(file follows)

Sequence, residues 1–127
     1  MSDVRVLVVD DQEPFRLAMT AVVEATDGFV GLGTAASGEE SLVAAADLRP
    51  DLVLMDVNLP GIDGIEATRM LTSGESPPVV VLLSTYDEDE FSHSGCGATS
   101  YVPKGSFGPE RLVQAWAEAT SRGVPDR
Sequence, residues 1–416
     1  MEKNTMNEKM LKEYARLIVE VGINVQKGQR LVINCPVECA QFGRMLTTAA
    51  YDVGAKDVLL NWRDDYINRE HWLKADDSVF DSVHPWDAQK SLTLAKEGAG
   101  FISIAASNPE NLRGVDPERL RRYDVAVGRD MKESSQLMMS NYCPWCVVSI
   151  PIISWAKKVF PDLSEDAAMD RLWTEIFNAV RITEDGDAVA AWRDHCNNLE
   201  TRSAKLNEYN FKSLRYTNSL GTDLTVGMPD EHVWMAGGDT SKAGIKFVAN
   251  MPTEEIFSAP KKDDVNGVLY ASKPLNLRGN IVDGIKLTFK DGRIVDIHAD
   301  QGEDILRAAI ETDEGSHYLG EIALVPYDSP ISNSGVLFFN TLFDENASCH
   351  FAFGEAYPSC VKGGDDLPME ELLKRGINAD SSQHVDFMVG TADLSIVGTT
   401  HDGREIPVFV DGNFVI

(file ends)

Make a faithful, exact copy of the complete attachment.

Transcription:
Sequence, residues 1–127
     1  MSDVRVLVVD DQEPFRLAMT AVVEATDGFV GLGTAASGEE SLVAAADLRP
    51  DLVLMDVNLP GIDGIEATRM LTSGESPPVV VLLSTYDEDE FSHSGCGATS
   101  YVPKGSFGPE RLVQAWAEAT SRGVPDR
Sequence, residues 1–416
     1  MEKNTMNEKM LKEYARLIVE VGINVQKGQR LVINCPVECA QFGRMLTTAA
    51  YDVGAKDVLL NWRDDYINRE HWLKADDSVF DSVHPWDAQK SLTLAKEGAG
   101  FISIAASNPE NLRGVDPERL RRYDVAVGRD MKESSQLMMS NYCPWCVVSI
   151  PIISWAKKVF PDLSEDAAMD RLWTEIFNAV RITEDGDAVA AWRDHCNNLE
   201  TRSAKLNEYN FKSLRYTNSL GTDLTVGMPD EHVWMAGGDT SKAGIKFVAN
   251  MPTEEIFSAP KKDDVNGVLY ASKPLNLRGN IVDGIKLTFK DGRIVDIHAD
   301  QGEDILRAAI ETDEGSHYLG EIALVPYDSP ISNSGVLFFN TLFDENASCH
   351  FAFGEAYPSC VKGGDDLPME ELLKRGINAD SSQHVDFMVG TADLSIVGTT
   401  HDGREIPVFV DGNFVI